Deforestation

When a Grass Towers over the Trees

As governments scramble for corrective options to the worsening land degradation set to cost the global economy a whopping 23 trillion dollars within the next 30 years, a humble grass species, the bamboo, is emerging as the unlikely hero.

A Natural Climate Change Adaptation Laboratory in Brazil

The small pulp mill that uses native fruits that were previously discarded is a synthesis of the multiple objectives of the Adapta Sertão project, a programme created to build resilience to climate change in Brazil's most vulnerable region.

Optimal Use of Water Works Miracles in Brazil’s Semi-Arid Region

Cattle ranching has been severely affected by drought in Brazi's Northeast region, but it has not only survived but has made a comeback in the Jacuípe river basin thanks to an optimal use of water.

Over to You, Children! Zambia’s ‘Plant a Million Trees’ Takes Root

Trees are a vital component in the ecosystem—they not only give oxygen, store carbon, stabilise the soil and give refuge to wildlife, but also provide materials for tools, shelter and ultimately, food for both animals and human beings.

Latin America Makes Headway Against Land Degradation

Two-thirds of the 33 countries of Latin America and the Caribbean have already submitted or are preparing to submit to the United Nations their land degradation goals, to combat a problem that threatens agriculture and the lives of their people.

Women on the Front Lines of Halting Deforestation

In Zimbabwe, the bulk of rural communities and urban poor still get their energy supplies from the forests, leading to deforestation and land degradation.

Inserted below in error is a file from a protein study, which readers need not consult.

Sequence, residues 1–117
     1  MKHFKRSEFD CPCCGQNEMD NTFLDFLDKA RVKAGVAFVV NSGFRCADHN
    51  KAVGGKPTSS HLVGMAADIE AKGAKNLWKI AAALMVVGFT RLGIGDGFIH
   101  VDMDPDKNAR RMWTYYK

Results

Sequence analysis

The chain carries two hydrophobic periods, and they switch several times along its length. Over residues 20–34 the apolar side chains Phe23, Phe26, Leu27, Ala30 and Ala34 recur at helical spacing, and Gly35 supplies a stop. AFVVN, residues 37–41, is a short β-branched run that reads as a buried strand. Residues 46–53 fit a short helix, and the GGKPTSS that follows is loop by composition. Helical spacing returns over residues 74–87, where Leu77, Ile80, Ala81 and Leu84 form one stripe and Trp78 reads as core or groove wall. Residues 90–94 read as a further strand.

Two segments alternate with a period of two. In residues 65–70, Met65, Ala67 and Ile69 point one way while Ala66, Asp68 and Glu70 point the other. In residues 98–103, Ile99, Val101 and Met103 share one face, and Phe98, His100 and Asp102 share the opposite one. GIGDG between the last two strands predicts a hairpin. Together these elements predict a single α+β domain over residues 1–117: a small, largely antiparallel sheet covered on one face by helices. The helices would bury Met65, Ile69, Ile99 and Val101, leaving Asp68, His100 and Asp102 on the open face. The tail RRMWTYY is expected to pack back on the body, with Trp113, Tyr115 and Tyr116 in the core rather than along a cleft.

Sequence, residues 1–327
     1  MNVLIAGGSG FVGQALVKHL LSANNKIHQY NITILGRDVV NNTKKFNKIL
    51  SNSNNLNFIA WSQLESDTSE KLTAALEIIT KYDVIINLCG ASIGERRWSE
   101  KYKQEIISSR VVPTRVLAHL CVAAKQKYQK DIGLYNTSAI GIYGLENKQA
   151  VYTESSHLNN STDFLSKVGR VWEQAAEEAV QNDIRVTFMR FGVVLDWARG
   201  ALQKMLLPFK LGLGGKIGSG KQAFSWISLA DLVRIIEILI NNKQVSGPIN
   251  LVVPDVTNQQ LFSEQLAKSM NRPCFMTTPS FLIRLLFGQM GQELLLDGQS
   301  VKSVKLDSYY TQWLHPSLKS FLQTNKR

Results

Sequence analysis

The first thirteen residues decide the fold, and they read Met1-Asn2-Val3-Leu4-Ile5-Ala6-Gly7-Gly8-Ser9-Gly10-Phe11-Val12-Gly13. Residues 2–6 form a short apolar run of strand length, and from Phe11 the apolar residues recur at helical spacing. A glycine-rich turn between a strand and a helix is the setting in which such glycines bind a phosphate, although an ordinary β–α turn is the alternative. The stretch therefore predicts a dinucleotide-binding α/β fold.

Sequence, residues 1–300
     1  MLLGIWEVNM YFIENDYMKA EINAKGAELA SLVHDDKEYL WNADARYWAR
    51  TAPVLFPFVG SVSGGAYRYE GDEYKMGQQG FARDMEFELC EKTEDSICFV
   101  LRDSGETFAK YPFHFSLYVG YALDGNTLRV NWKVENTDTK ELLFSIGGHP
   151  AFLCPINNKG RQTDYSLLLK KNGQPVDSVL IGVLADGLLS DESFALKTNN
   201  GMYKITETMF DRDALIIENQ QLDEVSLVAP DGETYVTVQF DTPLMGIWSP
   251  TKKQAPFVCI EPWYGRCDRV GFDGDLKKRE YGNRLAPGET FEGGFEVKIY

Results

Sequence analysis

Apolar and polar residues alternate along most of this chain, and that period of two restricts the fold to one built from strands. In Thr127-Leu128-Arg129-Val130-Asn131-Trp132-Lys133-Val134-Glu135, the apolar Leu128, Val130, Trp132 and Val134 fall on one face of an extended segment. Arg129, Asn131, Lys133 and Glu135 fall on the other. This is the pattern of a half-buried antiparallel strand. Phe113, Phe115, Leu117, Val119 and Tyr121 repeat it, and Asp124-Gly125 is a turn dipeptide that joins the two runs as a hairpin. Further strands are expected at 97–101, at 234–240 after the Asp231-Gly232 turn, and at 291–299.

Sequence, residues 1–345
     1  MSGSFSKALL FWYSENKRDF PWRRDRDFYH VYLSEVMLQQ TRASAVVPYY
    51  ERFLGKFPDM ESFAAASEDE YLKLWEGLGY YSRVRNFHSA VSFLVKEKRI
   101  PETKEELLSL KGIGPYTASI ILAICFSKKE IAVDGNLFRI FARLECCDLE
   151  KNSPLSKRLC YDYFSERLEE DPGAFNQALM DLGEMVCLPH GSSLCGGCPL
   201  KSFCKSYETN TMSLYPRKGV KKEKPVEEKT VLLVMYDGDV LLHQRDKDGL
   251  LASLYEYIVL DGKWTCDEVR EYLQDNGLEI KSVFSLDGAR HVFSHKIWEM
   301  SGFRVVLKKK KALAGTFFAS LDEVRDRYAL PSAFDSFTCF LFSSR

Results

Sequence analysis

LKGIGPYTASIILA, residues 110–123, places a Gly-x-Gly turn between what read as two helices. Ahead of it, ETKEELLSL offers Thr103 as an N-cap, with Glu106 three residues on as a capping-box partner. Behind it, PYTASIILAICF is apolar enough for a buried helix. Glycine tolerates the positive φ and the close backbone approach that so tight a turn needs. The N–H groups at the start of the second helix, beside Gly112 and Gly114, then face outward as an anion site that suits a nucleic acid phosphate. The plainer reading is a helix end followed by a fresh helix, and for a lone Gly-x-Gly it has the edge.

Central America Weakens Forest Shield Against Future Droughts

Jazziel Baca lives in the municipality of Esquías, in western Honduras, one of the areas hardest hit by the southern pine beetle (Dendroctonus frontalis), which damaged almost 500,000 hectares of forest in that Central American country between 2013 and 2015.

Long Maligned for Deforestation, Charcoal Emerges from the Shadows

“We have various financial obligations that push us to charcoal making. Top on the list is farming inputs and school fees,” explains Arclay Moonga, a charcoal producer and chairperson of the recently formed Choma District Charcoal Association in Southern Zambia.

Communities Step Up to Help Save Jamaica’s Forests

According to the United Nations Food and Agriculture Organization (FAO), 31.1 percent or about 337,000 hectares of Jamaica is forested. Of this, 26.1 percent or 88,000 is classified as primary forest, the most biodiverse and carbon-dense form of forest.

Improved Cookstoves Boost Health and Forest Cover in the Himalayas

Mountain communities in the Himalayan region are almost entirely dependent on forests for firewood even though this practice has been identified as one of the most significant causes of forest decline and a major source of indoor air pollution.

Kenyans Turn to Wild Fruits and Insects as Drought Looms